Philips has been building a portfolio of interventional cardiology catheter device technologies and started building an EP lead management product portfolio with the purchase of Spectranetics in 2017.  

Another interesting challenge to the dominant players came from Acutus Medical and its development of a full EP solution on an open platform. It was interesting to see the amount of attention Acutus received from both technologists and clinicians, especially because it sounds like Acutus’ approach combines focus on clinical efficacy and operational efficiency, something that is sorely needed in EP. The FDA cleared a new version of the Acutus system in April 2019.

VIDEO: Demonstration of the AcQMap High-resolution EP Mapping System


Too Little Focus on Economics in Electrophysiology

It will be interesting to see if the above market challengers and the concepts of open platforms and a focus on EP efficiency will have any real impact in electrophysiology. As much as the great EP technologists have launched innovations that have revolutionized how U.S. healthcare can deal with atrial fibrillation, those same technologies are placing cost pressure on hospitals that makes it hard to ensure the patient access and cost efficiency that enable the results the technologies promise. Many EP labs are struggling with device costs and their impact on EP procedures, and I heard that device costs are frequently more than 60 percent of Medicare procedure reimbursement. 

When hospitals struggle with the math due to the high cost of new innovations, fewer patients will ultimately have access to the benefits of those new technologies. In EP, the clinical success of scientific advancements is directly related to the cost pressure hospitals experience. At HRS 2019, I spoke with a few healthcare economists who shared the sense that the future success of EP has to come with new technologies that are not just better, but also reduce procedure time, enable hospitals to cut costs and, of course, produce better patient outcomes. When walking the exhibit floor with this in mind, very few solutions, products or services were geared to solve the economic side of this problem.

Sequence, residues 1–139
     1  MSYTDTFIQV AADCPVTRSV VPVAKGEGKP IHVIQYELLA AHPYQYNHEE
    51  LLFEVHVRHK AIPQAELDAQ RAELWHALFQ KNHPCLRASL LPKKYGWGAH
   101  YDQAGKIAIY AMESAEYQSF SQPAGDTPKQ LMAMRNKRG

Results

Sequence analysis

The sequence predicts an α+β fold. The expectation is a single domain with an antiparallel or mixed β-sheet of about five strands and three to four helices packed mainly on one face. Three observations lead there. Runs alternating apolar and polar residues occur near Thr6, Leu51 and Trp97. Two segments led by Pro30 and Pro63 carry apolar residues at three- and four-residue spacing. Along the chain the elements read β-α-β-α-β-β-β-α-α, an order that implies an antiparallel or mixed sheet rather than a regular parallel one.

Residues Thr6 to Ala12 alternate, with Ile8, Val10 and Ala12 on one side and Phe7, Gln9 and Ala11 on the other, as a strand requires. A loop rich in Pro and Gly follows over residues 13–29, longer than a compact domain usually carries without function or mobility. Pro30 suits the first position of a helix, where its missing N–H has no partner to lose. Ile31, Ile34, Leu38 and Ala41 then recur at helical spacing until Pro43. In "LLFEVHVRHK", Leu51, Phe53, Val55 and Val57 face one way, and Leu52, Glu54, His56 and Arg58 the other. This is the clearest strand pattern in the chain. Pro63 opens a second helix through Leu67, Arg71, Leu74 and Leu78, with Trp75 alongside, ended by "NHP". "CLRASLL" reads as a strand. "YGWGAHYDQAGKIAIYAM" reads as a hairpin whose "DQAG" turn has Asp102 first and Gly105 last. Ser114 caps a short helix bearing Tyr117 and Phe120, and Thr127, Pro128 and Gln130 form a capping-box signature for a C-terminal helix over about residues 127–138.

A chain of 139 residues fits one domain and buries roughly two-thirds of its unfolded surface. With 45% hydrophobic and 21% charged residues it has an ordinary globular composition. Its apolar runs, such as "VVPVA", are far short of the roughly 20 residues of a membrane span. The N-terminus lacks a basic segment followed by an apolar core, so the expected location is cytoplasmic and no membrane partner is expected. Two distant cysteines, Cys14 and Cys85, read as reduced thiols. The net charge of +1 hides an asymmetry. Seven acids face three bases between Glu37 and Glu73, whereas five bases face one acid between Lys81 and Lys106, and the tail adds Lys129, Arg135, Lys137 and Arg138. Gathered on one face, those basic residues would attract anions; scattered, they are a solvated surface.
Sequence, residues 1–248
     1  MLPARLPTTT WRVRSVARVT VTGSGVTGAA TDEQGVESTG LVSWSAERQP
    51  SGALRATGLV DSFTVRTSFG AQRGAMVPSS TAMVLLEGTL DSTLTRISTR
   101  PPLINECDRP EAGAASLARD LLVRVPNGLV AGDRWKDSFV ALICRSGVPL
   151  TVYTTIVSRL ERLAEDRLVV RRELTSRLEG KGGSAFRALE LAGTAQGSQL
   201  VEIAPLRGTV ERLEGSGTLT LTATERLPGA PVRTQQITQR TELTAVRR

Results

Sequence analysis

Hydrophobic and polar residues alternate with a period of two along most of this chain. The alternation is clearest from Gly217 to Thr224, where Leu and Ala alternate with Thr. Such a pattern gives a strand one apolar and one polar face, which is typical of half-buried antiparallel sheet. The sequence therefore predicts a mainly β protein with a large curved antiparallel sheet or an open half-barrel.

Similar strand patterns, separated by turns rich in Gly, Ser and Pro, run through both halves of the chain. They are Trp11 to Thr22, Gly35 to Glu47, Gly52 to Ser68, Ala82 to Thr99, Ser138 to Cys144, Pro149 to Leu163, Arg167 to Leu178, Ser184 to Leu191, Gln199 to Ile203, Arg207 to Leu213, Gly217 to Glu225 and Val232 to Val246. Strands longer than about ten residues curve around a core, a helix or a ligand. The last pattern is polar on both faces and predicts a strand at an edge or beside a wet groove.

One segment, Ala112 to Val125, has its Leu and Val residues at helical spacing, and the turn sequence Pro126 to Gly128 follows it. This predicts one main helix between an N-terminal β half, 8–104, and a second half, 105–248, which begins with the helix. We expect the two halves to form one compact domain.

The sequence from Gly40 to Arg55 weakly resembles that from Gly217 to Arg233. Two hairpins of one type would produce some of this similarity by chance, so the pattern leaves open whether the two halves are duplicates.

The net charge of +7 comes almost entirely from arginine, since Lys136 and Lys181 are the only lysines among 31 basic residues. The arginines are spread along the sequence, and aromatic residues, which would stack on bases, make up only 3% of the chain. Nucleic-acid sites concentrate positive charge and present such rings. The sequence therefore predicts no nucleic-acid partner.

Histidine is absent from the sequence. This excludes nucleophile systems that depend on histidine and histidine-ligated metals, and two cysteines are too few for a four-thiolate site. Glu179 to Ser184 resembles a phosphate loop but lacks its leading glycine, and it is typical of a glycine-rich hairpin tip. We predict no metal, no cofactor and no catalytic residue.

EP Catheter Reprocessing Progress on Display

Single-use device reprocessing is one solution that can enable the adoption of new EP technologies without bankrupting EP labs or excluding patient access. Device costs can be reduced by some 30 percent in an atrial fibrillation case through reprocessing. Full disclosure, I work for a reprocessing company, but what I would really like to see is legacy EP manufacturers factor in the need for EP labs to focus on procedure efficiency and cost reductions in their new technologies. 

In the meantime, At HRS 2019, Innovative Health presented the seven new FDA reprocessing clearances it has received since Heart Rhythm Society last year, and Stryker announced its first new EP device reprocessing clearance in six years at the conference. So, there are promising signals that EP labs will continue to see cost reductions that enable their EP service line to remain profitable. 


All the HRS 2019 late-breaking studies 

Link to other HRS 2019 news


Editor’s note: Lars Thording, Ph.D., has a background in academia, consulting and industry leadership. He has been responsible for the launch of numerous market-disrupting solutions across healthcare, insurance and technology. Originally from Denmark, Lars has taught at universities in Denmark, Ireland and the United States. He currently serves as the vice president of marketing and public affairs at Innovative Health, a medical device reprocessing company specializing in electrophysiology and cardiology technology. Lars currently serves on the board of the Association of Medical Device Reprocessors.